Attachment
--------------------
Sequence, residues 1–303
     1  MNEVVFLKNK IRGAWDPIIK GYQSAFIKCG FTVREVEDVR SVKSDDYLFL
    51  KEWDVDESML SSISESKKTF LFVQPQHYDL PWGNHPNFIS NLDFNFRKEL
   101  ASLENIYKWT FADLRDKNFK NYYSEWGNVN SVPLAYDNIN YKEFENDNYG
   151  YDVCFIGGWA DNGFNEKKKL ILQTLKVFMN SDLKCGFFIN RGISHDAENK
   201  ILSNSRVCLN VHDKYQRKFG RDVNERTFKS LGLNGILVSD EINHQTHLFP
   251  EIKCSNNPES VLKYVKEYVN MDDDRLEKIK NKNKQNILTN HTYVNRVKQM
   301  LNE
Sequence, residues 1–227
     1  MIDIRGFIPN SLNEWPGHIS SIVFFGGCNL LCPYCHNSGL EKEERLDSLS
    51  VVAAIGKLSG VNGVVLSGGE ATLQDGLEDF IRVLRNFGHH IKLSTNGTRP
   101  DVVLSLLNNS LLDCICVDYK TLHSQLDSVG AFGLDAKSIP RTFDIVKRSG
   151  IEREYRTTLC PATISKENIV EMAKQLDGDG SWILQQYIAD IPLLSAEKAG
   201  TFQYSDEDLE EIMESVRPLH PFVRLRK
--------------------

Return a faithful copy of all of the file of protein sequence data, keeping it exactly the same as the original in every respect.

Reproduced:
Sequence, residues 1–303
     1  MNEVVFLKNK IRGAWDPIIK GYQSAFIKCG FTVREVEDVR SVKSDDYLFL
    51  KEWDVDESML SSISESKKTF LFVQPQHYDL PWGNHPNFIS NLDFNFRKEL
   101  ASLENIYKWT FADLRDKNFK NYYSEWGNVN SVPLAYDNIN YKEFENDNYG
   151  YDVCFIGGWA DNGFNEKKKL ILQTLKVFMN SDLKCGFFIN RGISHDAENK
   201  ILSNSRVCLN VHDKYQRKFG RDVNERTFKS LGLNGILVSD EINHQTHLFP
   251  EIKCSNNPES VLKYVKEYVN MDDDRLEKIK NKNKQNILTN HTYVNRVKQM
   301  LNE
Sequence, residues 1–227
     1  MIDIRGFIPN SLNEWPGHIS SIVFFGGCNL LCPYCHNSGL EKEERLDSLS
    51  VVAAIGKLSG VNGVVLSGGE ATLQDGLEDF IRVLRNFGHH IKLSTNGTRP
   101  DVVLSLLNNS LLDCICVDYK TLHSQLDSVG AFGLDAKSIP RTFDIVKRSG
   151  IEREYRTTLC PATISKENIV EMAKQLDGDG SWILQQYIAD IPLLSAEKAG
   201  TFQYSDEDLE EIMESVRPLH PFVRLRK